If you’re a mom and you’re anything like me, you’re pretty much convinced that you happened to give birth to the most beautiful baby on Earth. For me, that not only meant weird lapses where I stared at her like a crazed mommy stalker. It also meant that I had flat-head-blindness.
When my daughter was just three months old, our pediatrician noticed a little bit of a flat spot on her head. My response? “She’s perfect, shut up!” (Okay, I didn’t say that to a medical professional, but I wanted to.)
Plagiocephaly or brachycephaly, often called “flat head syndrome,” is when the baby’s head is flattened on one side. A common problem with infants, approximately 47 percent show flat spot signs since the sleep-on-back mandate became the norm in order to battle SIDS. Our doctor recommended extra tummy time for a few weeks and a few new sleeping methods.
At four months, we were referred to a cranial specialist.
I’m not going to debate flat head treatment. That’s for you and your doctor to decide. Plenty has been said on both sides of the issue. When we went to see our specialist, they showed us the pros and cons of helmet treatment. We were torn. On one hand, our daughter had a lazy eye, and this could help treat it. On the other hand, this was primarily a cosmetic issue. We ultimately left it up to the Insurance Gods, who surprisingly covered the helmet treatment in full.
We were in.
When I looked through the helmet pamphlet and began Googling images of happy babies looking ready to throw a touchdown, I was immediately filled with fear and shame. We should have done more tummy time. We should have mixed up her sleeping patterns so she spent less time in the swing with its hard back (the “magic swing” that allowed us to get more than an hour of sleep at a time).
We should have somehow stopped her from being premature, which is one of the common probable causes of flat head syndrome. I have no idea how I would have stopped that from happening, but at that moment, I felt certain I could have done something.
After the tears ran out (I was still post-hormonal and, honestly, anything related to my child basically turns me into a puddle of ugly crying), I set our first appointment. We were ready to turn our little muffin into Pasadena’s new starting quarterback.
We soon realized that our daughter had no knowledge of the helmet’s existence, much less did she give a flying football if it was on her head. In fact, she seemed to enjoy banging things against it (oohh, loud sounds!) – a habit we had to train her out of once we removed the helmet.
Then I discovered another hidden benefit to the helmet. I’m not saying my baby rolled off the couch to the floor a foot below, but if I was saying that, I’d also mention that the helmet would have kept her head perfectly safe during said fall.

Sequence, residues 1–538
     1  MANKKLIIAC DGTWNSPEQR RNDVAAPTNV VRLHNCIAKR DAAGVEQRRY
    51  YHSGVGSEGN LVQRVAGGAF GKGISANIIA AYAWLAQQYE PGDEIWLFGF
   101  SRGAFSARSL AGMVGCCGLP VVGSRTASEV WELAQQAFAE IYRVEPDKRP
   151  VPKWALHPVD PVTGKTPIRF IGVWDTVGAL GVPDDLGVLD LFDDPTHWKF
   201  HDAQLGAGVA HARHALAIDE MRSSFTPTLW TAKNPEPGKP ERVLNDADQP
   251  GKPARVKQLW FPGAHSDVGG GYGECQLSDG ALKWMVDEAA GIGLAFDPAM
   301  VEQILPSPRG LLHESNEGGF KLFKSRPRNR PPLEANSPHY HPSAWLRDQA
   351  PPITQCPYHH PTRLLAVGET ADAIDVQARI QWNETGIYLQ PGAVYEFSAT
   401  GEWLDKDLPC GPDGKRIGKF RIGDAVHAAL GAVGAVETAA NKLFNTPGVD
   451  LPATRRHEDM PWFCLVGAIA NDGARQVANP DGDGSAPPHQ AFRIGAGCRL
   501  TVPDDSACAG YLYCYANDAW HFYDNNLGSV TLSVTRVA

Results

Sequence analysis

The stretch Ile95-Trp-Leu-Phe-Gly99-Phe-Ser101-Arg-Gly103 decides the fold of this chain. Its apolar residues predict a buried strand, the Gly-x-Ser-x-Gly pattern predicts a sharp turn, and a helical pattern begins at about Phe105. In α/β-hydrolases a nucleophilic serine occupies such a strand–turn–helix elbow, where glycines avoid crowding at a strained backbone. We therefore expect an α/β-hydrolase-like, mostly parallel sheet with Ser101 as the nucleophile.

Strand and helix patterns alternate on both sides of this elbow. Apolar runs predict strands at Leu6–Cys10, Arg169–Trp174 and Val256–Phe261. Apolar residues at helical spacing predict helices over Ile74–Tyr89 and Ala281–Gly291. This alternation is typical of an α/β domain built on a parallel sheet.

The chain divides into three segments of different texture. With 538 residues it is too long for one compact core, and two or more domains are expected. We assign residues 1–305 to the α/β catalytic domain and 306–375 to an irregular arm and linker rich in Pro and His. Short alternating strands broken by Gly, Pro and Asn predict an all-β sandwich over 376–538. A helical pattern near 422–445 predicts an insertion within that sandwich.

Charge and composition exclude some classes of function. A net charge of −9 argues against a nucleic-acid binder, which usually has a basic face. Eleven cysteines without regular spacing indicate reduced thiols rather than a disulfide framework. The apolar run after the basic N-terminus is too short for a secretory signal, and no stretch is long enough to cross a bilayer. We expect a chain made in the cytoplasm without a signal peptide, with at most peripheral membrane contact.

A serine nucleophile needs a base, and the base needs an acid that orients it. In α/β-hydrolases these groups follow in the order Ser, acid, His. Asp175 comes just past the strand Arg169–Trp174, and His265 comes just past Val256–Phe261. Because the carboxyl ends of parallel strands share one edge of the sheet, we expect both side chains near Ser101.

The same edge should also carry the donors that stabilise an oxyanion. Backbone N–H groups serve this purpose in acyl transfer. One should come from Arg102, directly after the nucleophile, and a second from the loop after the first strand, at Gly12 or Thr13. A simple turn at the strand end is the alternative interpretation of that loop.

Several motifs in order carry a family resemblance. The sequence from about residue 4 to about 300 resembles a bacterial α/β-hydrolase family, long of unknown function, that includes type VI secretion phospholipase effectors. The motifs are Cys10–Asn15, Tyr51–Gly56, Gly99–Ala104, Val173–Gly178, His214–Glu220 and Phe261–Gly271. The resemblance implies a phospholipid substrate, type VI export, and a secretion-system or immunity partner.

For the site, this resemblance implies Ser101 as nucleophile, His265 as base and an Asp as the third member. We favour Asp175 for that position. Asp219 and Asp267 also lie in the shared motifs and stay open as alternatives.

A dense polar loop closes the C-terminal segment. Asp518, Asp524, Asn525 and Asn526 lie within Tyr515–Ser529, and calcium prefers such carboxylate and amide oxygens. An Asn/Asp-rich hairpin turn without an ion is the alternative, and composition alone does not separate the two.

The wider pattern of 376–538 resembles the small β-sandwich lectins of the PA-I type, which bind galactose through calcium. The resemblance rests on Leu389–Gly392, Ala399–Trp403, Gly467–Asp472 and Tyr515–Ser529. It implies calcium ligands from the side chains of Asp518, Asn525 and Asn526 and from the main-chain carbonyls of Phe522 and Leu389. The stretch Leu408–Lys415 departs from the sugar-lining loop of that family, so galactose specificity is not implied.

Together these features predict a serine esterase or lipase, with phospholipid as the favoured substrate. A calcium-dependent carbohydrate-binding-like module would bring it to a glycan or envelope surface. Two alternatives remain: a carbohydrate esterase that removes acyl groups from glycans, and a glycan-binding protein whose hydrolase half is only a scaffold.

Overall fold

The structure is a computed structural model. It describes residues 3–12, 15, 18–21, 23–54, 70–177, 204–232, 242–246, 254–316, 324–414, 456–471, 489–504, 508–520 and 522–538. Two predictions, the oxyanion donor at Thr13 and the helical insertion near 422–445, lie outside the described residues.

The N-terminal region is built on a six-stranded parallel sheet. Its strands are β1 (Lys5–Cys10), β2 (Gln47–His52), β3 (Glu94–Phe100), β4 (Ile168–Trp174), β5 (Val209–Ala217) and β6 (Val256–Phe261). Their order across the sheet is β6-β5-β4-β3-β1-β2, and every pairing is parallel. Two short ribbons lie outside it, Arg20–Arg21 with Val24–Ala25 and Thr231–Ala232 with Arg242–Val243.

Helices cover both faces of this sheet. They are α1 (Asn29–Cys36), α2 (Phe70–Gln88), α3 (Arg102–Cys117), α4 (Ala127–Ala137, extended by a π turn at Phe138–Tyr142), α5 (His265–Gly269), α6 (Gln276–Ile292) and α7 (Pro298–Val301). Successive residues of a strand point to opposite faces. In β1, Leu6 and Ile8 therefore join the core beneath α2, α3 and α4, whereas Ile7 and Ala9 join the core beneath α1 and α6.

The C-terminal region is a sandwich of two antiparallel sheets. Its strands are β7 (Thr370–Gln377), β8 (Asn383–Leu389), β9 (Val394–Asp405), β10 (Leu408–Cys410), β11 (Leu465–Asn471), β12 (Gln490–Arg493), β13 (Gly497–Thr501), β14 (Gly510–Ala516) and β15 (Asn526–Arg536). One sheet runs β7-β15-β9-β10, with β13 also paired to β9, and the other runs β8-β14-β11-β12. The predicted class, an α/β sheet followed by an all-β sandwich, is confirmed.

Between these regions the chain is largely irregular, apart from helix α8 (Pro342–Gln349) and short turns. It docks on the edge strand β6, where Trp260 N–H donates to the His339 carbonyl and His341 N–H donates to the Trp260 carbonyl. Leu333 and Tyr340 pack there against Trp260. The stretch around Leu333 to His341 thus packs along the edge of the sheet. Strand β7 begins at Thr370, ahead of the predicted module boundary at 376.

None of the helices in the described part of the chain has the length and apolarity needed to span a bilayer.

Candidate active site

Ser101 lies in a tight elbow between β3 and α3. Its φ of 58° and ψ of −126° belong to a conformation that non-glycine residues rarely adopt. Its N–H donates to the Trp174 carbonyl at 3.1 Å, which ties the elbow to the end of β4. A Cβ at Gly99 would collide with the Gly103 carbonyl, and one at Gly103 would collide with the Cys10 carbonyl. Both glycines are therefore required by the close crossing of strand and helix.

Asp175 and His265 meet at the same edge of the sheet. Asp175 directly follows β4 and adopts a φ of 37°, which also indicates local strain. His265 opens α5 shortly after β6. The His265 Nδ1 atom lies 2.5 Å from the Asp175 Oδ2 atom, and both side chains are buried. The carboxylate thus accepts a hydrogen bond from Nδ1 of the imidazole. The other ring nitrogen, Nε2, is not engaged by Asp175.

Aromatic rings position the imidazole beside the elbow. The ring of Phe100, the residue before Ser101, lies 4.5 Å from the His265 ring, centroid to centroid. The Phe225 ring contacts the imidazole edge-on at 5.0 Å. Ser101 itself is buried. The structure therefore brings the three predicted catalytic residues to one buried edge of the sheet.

Part of my anxiety about the helmet had absolutely nothing to do with my baby’s well-being and everything do with my own insecurities. What would everyone think? Would they assume something more serious was wrong with her? This anxiety immediately coupled with shame. How could I be so shallow?
Perhaps sensing my emotions, our cranial technician suggested adding artwork or decals to the helmet. You’ve probably seen these photos going viral, but I’d like to state for the record that we were O.G. proponents of the decorated helmet. My artist-husband, with some sharpie shading assistance from me, turned her helmet into R2D2, and a new nickname for our daughter Reed was born: Reed2D2.
Creating Reed2D2’s helmet resulted in a number of positives. First of all, the simple act of taking control of the uncontrollable, and decorating it in way that fully expressed the kind of family we were (Star Wars-obsessed nerds), gave us back some power.
Plus, drawing and coloring her helmet had another bonus: a distinct flood of happiness. A study on art-therapy showed that after only 45 minutes of art-making, three quarters of subjects registered lower cortisol levels, the adrenal hormone activated by stress (also the reason adult-coloring books are so popular these days). Taking action and creating a piece of art that my daughter would wear out in the world gave us an immense sense of relief.
Beyond the physical act of creating the best baby helmet on the planet (I’m not exaggerating, she was damn cute in this thing!), it helped us interact with the outside world. Instead of feeling anxious about her helmet, I felt proud. By having it whimsically decorated, people rightfully had the impression that it was something we felt comfortable discussing.
Other parents, who had either gone through helmet treatment or were considering it, also felt at ease telling us about their personal experience. We didn’t receive looks of pity or odd stares. Instead, Reed2D2’s helmet gave people permission to smile. And smiling is contagious (a scientist said so!).
The biggest benefit of all? Our daughter’s helmet-wearing period happened to fall during Halloween, which means our Halloween costumes were lit that year (I’m not using that term correctly, am I?). I’m talking vintage 1970s Princess Leia dress (#ripCarrieFisher), Jedi Knight robes, and Reed2D2 in full robot glory.
Lastly, we now have a souvenir that perfectly captures our daughter’s head shape as an infant. Weird thing to put on display? Maybe for some people. But we’re proud of our formerly flat-headed baby and her nerdtastic helmet.